Recently, a friend was reading me an entry from a novel he is writing. In this entry, the protagonist reflects on the side of her that has views of herself and those around her that are not based in reality but in the perceptions of a child. That gets her in trouble because of the actions and reactions these views continue to cause. She refers to that side of her as “little Marie,” herself as a child.
When I heard those words, I literally sat there stunned. A central truth had been revealed to me through my friend’s writing. The part of my ego-mind that has to do with self-image is not some ephemeral specter in my mind, it is “little Ronnie,” myself as a child.* And it is because of the insecurity of that child that my ego-mind has been so receptive to all the messages it has received about life from family, peers, and the larger culture. I resolved then and there to meditate on little Ronnie the next day.
As I meditated on little Ronnie and felt his pain as it developed through his childhood experiences, I came to two realizations. The first is why my ego-mind, the little Ronnie within me, acts as it acts. When little Ronnie experienced as a young child (age 5-8) what he interpreted as being unloved and what he correctly saw as rejection by some of his peers, he developed a defense mechanism pattern to protect himself.
He determined that if he could not receive people’s (specifically his father’s) love because he was unworthy or unloveable, he could gain their respect through hard work and excellence. And if he was going to be rejected, he was going to reject first ... the “better the dumper be than the dumpee” perspective ... and walled himself off from most everyone other than those few he felt a close affinity towards, saying that he was better than them.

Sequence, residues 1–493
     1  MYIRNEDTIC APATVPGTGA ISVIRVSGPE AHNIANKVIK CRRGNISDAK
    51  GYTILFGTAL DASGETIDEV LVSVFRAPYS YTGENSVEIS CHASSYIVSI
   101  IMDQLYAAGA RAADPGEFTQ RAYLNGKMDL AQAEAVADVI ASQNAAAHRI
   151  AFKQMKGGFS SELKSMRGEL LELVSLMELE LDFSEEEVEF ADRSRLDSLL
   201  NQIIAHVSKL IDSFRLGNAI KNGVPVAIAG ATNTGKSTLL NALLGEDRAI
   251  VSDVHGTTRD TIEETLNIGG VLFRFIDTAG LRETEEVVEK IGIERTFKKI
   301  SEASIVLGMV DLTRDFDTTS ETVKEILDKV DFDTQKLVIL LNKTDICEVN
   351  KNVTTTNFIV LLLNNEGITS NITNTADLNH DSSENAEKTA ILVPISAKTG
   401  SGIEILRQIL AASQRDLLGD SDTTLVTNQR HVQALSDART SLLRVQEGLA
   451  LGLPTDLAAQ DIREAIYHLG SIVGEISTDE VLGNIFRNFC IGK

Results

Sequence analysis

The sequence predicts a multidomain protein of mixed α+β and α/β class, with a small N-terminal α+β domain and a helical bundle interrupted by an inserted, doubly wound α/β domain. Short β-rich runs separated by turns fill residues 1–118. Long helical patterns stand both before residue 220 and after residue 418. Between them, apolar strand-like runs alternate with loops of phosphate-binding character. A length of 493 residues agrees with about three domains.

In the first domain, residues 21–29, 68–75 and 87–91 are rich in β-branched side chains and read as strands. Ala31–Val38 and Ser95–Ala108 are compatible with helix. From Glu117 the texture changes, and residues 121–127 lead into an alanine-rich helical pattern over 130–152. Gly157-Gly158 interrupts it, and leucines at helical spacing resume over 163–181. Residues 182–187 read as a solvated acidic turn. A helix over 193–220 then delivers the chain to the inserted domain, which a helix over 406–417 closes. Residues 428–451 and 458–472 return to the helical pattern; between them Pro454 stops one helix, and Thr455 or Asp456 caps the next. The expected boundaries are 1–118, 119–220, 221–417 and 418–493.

And when he arrived at the age when sex stirred within him and his desire to be loved added a sexual element, he decided after many unhappy attempts that if he couldn’t have the real thing (and he couldn’t trust it even when he had it, so insecure was he), he would receive validation and at least the pleasure of intimate contact through casual sex. He felt that this would somehow protect him when a relationship ultimately failed ... and he/I became a sex addict.
These were all actions that the little Ronnie within me took to protect himself and me, not knowing that these actions were in fact very harmful to our wellbeing (of course striving for excellence is not in and of itself negative, but when that striving comes from a lack of equanimity, then it is a craving, unskillful and harmful) and would continue to negatively impact my attempts to find peace and happiness for most of my adult life. And that is why my ego -mind is so impervious to my efforts to surrender it to my true Buddha nature and to not follow the path it wants to lead me on. My ego-mind, little Ronnie, is in fact trying to protect me, never mind how misguided and harmful his perspective may be.
And so, while our ego-mind may indeed be our tormentor and give us bad advice, it is not some droid-like our-of-control function of our brain but instead our childhood selves trying to protect us, with tenacity. Pima Chodron’s advice about having compassion for your thoughts as they arise should thus be even more compelling.